Senator Nancy Collins (R-Tupelo) issued a memo this week to state agencies encouraging them to proactively submit 2014 legislative proposals by October 1, 2013.
Any state agency, department, or group that wishes to propose legislation for the upcoming Session that would most likely be assigned or double referred to the Accountability, Efficiency and Transparency Committee need to submit the proposed legislation and other issues to me by October 1, 2013. I understand this may be difficult due to busy schedules, but the committee can do a much better job with legislation if there is adequate time to study your proposals and hold hearings if necessary.Her reasoning seems pretty clear: don't let what happened to me happen to you.
Collins, you may recall, authored legislation this year related to the state's public retirement system, PERS. Within moments of the bill hitting the hopper, retirees, soon-to-be retirees, and current state employees across the state were up in arms over what Collins's bill could do to undermine their retirement plan. If Collins plans to reintroduce her PERS bill again, is she planning a public hearing between October 1 and the start of the 2014 Regular Session?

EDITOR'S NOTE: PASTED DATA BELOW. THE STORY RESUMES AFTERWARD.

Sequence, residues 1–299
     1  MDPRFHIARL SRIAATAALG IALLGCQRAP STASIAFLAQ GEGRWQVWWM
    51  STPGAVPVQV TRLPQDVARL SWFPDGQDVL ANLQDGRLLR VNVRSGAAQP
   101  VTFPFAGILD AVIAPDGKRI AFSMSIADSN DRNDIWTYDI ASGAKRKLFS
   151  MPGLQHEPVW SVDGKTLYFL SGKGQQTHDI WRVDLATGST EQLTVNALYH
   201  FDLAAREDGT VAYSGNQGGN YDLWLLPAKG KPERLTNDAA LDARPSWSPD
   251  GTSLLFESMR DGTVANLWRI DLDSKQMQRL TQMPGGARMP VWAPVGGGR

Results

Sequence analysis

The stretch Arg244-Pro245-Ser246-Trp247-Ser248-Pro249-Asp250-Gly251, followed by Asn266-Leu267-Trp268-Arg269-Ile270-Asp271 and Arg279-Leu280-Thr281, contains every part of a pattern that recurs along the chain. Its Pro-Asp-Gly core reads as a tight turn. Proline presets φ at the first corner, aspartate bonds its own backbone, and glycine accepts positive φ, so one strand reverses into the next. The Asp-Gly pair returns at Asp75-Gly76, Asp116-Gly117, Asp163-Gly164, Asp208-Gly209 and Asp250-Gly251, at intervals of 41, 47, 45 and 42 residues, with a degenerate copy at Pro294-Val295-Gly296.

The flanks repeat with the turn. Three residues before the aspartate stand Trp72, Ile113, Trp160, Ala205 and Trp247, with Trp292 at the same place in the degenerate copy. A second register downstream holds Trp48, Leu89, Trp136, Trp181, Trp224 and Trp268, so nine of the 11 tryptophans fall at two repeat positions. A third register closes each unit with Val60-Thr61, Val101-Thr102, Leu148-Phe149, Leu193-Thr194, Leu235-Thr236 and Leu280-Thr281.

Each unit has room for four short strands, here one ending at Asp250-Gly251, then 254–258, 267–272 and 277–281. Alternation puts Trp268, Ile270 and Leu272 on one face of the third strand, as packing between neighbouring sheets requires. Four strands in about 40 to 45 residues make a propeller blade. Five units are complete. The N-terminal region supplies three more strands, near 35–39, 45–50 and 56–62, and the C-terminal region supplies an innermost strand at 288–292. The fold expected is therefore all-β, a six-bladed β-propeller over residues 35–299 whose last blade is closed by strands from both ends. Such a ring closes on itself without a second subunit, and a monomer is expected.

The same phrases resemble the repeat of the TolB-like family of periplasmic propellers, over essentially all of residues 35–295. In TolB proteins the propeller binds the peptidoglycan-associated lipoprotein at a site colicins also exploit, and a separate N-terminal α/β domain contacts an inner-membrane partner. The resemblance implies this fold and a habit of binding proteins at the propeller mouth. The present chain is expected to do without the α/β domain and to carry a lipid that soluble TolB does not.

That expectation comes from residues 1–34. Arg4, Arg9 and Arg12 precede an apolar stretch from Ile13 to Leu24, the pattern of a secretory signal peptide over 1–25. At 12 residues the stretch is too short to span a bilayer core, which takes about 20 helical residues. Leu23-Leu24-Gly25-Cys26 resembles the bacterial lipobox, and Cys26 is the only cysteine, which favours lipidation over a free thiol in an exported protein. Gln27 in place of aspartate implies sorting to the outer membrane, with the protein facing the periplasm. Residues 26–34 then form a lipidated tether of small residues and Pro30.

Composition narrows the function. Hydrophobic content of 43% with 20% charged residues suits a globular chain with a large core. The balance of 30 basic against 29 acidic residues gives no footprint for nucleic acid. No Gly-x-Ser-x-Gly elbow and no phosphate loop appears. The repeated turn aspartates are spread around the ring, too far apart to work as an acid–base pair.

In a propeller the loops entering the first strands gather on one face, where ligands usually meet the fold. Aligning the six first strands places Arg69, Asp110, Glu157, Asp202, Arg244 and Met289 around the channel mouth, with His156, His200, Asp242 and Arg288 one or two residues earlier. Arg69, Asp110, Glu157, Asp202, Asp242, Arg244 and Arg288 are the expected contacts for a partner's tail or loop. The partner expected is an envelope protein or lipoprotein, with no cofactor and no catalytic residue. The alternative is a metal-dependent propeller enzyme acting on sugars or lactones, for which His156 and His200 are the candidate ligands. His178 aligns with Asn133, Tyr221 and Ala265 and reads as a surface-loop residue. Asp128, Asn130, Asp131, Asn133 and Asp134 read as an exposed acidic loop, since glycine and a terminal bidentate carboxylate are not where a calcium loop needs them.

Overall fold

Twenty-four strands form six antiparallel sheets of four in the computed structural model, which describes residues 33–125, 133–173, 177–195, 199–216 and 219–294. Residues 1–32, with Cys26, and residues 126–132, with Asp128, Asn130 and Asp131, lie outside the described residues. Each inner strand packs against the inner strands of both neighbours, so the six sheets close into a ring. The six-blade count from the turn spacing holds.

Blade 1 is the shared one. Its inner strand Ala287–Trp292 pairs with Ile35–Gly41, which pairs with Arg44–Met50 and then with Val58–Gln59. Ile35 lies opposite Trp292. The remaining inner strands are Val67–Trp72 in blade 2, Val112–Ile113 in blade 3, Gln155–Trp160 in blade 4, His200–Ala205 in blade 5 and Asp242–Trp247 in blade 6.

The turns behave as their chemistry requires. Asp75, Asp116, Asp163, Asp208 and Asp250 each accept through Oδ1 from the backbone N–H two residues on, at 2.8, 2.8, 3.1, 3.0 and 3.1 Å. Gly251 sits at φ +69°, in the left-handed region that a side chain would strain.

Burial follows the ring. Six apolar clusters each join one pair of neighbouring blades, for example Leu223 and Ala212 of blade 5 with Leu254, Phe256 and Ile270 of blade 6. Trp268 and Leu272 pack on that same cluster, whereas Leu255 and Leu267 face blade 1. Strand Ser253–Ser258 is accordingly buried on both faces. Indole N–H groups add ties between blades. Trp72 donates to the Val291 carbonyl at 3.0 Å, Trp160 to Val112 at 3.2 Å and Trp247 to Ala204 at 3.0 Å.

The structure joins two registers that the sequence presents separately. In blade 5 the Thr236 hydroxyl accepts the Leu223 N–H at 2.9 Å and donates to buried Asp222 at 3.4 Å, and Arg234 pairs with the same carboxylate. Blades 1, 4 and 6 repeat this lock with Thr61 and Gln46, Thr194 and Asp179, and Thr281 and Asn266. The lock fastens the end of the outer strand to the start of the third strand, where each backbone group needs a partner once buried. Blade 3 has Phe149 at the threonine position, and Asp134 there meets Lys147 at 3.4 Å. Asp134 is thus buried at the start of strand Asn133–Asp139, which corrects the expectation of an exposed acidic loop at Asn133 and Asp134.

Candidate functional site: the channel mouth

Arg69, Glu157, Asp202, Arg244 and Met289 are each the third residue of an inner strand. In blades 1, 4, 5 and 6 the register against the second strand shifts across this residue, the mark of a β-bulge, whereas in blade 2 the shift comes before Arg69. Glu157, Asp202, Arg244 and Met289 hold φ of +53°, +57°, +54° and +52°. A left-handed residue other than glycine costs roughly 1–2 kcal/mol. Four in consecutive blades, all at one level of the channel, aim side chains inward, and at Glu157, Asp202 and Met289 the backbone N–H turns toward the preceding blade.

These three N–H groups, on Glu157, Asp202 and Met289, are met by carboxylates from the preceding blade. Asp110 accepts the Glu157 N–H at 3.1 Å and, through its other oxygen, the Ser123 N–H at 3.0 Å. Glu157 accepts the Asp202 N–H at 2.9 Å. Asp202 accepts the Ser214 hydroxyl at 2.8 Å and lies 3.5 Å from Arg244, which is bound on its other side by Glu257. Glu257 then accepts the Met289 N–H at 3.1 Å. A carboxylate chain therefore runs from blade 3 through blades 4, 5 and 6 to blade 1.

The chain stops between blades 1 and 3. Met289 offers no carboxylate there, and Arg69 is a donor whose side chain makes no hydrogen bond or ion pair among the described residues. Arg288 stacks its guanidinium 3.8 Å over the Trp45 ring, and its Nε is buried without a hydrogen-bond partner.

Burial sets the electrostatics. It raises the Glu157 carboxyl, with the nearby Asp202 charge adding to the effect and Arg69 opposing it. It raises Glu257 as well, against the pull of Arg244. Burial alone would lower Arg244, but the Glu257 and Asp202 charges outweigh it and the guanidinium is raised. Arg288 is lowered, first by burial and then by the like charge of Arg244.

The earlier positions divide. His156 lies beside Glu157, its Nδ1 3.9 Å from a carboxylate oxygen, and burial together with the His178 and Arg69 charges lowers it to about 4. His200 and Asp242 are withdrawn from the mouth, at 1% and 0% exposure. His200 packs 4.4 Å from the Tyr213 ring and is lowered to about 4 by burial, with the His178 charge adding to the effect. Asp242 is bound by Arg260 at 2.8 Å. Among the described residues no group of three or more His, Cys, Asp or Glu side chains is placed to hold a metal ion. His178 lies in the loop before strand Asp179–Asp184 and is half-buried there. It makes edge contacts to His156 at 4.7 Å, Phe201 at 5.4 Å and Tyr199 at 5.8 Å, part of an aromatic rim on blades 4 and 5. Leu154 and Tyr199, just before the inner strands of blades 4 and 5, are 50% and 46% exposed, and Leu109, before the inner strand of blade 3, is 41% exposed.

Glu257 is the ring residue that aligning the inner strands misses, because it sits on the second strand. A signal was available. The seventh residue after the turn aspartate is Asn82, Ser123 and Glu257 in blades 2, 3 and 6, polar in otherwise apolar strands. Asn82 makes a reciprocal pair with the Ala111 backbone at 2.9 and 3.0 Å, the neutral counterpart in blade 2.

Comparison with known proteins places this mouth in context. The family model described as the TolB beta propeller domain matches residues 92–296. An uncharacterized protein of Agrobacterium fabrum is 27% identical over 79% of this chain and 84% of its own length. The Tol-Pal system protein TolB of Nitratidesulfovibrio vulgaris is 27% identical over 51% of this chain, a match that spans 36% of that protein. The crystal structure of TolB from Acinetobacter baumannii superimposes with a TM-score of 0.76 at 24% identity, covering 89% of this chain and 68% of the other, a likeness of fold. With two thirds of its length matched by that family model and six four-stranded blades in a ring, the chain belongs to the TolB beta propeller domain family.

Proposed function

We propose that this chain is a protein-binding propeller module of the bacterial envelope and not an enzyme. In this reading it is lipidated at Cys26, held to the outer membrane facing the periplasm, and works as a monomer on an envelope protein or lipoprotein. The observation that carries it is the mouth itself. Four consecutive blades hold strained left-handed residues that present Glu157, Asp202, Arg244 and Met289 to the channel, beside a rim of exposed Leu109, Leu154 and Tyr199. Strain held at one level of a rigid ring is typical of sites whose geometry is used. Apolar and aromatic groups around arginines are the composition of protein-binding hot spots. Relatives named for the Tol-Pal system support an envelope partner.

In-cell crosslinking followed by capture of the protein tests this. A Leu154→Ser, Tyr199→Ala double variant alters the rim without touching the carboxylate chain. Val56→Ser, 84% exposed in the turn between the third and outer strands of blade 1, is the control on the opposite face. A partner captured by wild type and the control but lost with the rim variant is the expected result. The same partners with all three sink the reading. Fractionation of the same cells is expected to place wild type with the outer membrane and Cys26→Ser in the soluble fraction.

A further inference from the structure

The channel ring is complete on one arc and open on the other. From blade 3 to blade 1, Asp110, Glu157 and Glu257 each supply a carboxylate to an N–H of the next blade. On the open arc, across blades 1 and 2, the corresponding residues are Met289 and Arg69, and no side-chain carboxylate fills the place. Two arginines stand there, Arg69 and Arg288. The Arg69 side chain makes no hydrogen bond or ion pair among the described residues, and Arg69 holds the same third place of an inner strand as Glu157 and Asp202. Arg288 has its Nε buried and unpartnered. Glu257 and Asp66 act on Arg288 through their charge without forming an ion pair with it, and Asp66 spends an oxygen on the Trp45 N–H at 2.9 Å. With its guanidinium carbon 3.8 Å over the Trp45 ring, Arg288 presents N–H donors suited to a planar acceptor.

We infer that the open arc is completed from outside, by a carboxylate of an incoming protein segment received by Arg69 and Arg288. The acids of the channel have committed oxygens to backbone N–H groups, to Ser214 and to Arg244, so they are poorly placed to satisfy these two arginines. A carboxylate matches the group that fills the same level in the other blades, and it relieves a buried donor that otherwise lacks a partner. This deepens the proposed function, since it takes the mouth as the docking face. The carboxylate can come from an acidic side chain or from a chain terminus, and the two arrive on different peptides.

A concern about her memo is what she is likely to do with legislation that is not presented to her by the deadline she has instituted. If, for example, a state agency has a situation develop during the holidays and needs to get a bill through the legislature, will Collins reject the bill and point to the deadline? What about non-state agencies wanting bills moved through her committee? Are they subject to this October 1 deadline? If not, why not?
With this memo, Collins is working to avoid repeating her mistake of dropping a legislative bombshell on the public. A popular refrain we heard from her political party in recent years is that Americans are tired of having bills "shoved down our throats."